The Journal Gazette
Sunday, July 28, 2019 1:00 am

Political Notebook

Paper buy proves FWCS' funding point

BRIAN FRANCISCO and NIKI KELLY | The Journal Gazette

A routine copy paper purchase on Monday gave the Fort Wayne Community Schools board president an opportunity to send a message to state lawmakers.

The school board unanimously approved a one-year supply of 8.5-by-11-inch paper from AMO of Fort Wayne for a cost of $246,449.50 – a 4.62% increase from the last bid opened in June 2018.

Julie Hollingsworth, the board president, compared that increase to the state funding FWCS receives.

“When supplies and utilities and all those things go up, an increase in school funding does not translate directly to an increase in teacher pay,” Hollingsworth said, noting the legislature expects the district to give its teachers pay raises of less than 2% over the next two years.

Democratic dinner

The Allen County Democratic Party's annual dinner will be Sept. 27 at Ceruti's Summit Park.

Fort Wayne Mayor Tom Henry, who is up for re-election this year, will speak at the dinner. 

Henry is opposed by Republican Tim Smith in the Nov. 5 municipal election.

The Democratic Party said additional dinner speakers will be announced later.

Cocktails will be at 6 p.m. and the dinner will start at 7 p.m. in the Diamond Room of Ceruti's Summit Park, 6601 Innovation Blvd., Fort Wayne.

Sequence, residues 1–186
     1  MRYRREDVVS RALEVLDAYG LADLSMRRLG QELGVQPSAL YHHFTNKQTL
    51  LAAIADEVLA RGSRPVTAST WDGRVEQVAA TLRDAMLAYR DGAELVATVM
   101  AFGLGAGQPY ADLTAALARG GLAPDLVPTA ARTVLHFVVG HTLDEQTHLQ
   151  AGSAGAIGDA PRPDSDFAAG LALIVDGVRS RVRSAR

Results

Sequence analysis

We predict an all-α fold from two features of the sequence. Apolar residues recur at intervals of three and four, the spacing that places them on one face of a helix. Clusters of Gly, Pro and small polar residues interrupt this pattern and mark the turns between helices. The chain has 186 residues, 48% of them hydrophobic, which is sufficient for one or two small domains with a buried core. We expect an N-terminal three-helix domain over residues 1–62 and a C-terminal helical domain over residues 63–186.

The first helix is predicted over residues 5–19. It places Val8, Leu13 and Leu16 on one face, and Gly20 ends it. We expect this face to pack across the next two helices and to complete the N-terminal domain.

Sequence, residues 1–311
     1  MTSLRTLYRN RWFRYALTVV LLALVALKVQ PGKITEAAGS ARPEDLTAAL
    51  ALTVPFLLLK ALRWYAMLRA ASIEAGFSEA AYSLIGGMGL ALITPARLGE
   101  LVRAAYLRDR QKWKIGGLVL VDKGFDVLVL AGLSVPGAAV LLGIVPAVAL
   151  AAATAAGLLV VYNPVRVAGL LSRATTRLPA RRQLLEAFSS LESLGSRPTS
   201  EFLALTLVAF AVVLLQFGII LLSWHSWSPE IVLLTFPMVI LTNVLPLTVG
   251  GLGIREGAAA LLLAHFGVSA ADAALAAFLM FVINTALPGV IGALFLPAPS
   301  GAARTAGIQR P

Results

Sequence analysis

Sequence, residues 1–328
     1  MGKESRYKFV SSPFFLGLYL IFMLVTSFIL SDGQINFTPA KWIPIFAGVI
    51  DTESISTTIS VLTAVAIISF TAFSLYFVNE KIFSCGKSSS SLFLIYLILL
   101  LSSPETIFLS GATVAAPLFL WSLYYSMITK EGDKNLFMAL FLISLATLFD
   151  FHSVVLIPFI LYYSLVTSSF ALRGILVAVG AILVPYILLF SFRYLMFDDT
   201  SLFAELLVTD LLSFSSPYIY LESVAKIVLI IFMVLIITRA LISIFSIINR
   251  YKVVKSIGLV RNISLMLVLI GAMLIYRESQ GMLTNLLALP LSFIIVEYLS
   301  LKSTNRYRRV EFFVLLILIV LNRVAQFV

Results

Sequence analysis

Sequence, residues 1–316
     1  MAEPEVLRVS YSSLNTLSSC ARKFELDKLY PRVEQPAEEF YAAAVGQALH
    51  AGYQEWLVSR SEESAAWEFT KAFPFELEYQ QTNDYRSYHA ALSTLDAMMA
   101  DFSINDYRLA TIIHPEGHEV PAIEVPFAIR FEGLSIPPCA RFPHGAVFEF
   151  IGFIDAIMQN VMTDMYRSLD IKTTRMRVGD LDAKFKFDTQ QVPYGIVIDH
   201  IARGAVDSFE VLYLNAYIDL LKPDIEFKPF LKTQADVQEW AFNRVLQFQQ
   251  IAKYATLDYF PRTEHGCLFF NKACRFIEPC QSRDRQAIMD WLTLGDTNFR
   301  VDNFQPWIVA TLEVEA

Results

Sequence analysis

Tickets are $50 a person, $350 for a table of eight people, $1,000 for silver sponsors, $2,500 for gold sponsors and $5,000 for platinum sponsors.

Senate bid

A Fort Wayne native is running for a U.S. Senate seat in Arizona.

Ann Escosa Griffin of Flagstaff recently announced that she will challenge Sen. Martha McSally in the 2020 Republican primary election.

Griffin, 65, said she is a retired public school teacher and a 1972 graduate of Northrop High School.

Still living in Fort Wayne are Griffin's mother, Dorothy Escosa; her brother, John Escosa; and her sister, Carla Escosa. 

Griffin attended Indiana University in Bloomington and graduated from Arizona State University in Phoenix, where she and her husband, Bruce, a lawyer, were living at the time.

Griffin said she is not a supporter of President Donald Trump. 

She also said she favors abortion rights and an optional single-payer health care system, and she believes school choice has not delivered on its promise of education innovations.

All are positions that are out of step with GOP policies.

“I'm an old-fashioned Republican – the kind that actually believed that the Republican Party was a large tent,” she said in a telephone interview.

Ashley Sloboda of The Journal Gazette contributed to this column.

To reach Political Notebook by email, contact Brian Francisco at or Niki Kelly at An expanded Political Notebook can be found as a daily blog at

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